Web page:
Then conquer ancient darkness with resurrection light.”

Tim explains how the Word has not come this time to create, but to recreate – to restore the sick, to calm the waves, and fill the hungry. But he also explains that there was a moment “when darkness overcame the light” at the cross. This is the “blackest night” referred to at the end of verse 2. But John tells us “The darkness has not overcome it”; through Jesus' death and resurrection, he has “conquered ancient darkness”. This leads us again into the chorus to worship as we stand at the manger and wonder at all this baby has come to do.

VERSE 3: LOVE (John 1:12-13, 18)

Yet to all who did receive him, to those who believed in his name, he gave the right to become children of God—children born not of natural descent, nor of human decision or a husband’s will, but born of God.

No one has ever seen God, but the one and only Son, who is himself God and is in closest relationship with the Father, has made him known.

In chapters 11 and 12, Tim dwells on our rebirth into the family of God, into the midst of the very love of the Trinity. In chapters 21-24 he marvels at the closest relationship of love in existence and how we are included in it through Jesus. He reflects on how the welcome of God's embrace can transform our behaviour, relationships, fears, prayers and future.

“You draw us in, O Light of all, to join in your delight,
Your radiant flood of welcome, which makes us sons of light.
Replace our jaded apathy with hope that shines anew,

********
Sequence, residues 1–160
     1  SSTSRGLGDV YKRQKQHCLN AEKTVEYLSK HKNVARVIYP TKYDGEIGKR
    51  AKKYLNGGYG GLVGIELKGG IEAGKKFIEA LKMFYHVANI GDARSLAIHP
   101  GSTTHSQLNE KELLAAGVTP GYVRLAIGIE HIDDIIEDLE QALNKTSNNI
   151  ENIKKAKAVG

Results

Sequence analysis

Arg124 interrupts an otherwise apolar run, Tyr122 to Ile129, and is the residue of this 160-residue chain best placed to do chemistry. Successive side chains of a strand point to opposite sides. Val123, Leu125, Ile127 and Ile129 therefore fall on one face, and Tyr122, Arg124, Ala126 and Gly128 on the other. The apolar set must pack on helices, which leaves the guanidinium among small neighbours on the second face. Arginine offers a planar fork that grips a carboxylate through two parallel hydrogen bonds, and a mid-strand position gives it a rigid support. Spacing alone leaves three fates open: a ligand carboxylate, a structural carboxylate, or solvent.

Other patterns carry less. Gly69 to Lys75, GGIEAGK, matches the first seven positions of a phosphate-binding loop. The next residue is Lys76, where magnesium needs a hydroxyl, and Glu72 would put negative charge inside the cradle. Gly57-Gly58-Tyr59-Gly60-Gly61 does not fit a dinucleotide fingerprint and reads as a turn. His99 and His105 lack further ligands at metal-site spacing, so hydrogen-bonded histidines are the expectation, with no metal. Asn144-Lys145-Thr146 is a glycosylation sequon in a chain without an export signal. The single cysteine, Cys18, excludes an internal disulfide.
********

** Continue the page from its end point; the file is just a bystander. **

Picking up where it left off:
A beacon in the darkness that points the way to you”

Tim concludes each chapter with a meditation and a prayer from other sources, which is a great way to help us dwell on what we have read, and to connect our worship with that of the saints who have gone before us. This third line of this verse draws strongly on the prayer Tim quotes from the Venerable Bede at the end of chapter 6, “O Christ, our Morning Star...come and waken us from the greyness of our apathy, and renew in us your gift of hope.”

In chapter 16 Tim (via John Owen) encourages us to behold this Word-become-flesh, and to gaze on his glory. It is this idea that I have tried to capture in the chorus of the song:

“Come and worship at the manger, behold the one true Light,
See the One with no beginning at his birth;
As we stand amazed, glory fills our gaze;
Come and praise as heaven dawns upon the earth.”

Paul tells us in 2 Corinthians 3:18 that it is as we “behold the glory of the Lord” that we are “transformed into his image with ever-increasing glory”. As we gaze together on him, we become, as his people, “a beacon in the darkness” that points back to Jesus, the source of life, light and love. 

Tim concludes his book with chapter 24, a wonderful gathering together of the details of Jesus' portrait that he has explored throughout the book. It makes a glorious whole! Jesus truly is the “altogether lovely” one, and Tim's book has encouraged us to dwell more on him. We hope that this song too will help people to stand amazed as they gaze at the glory of God in the face of Christ.

Lucy Mitchell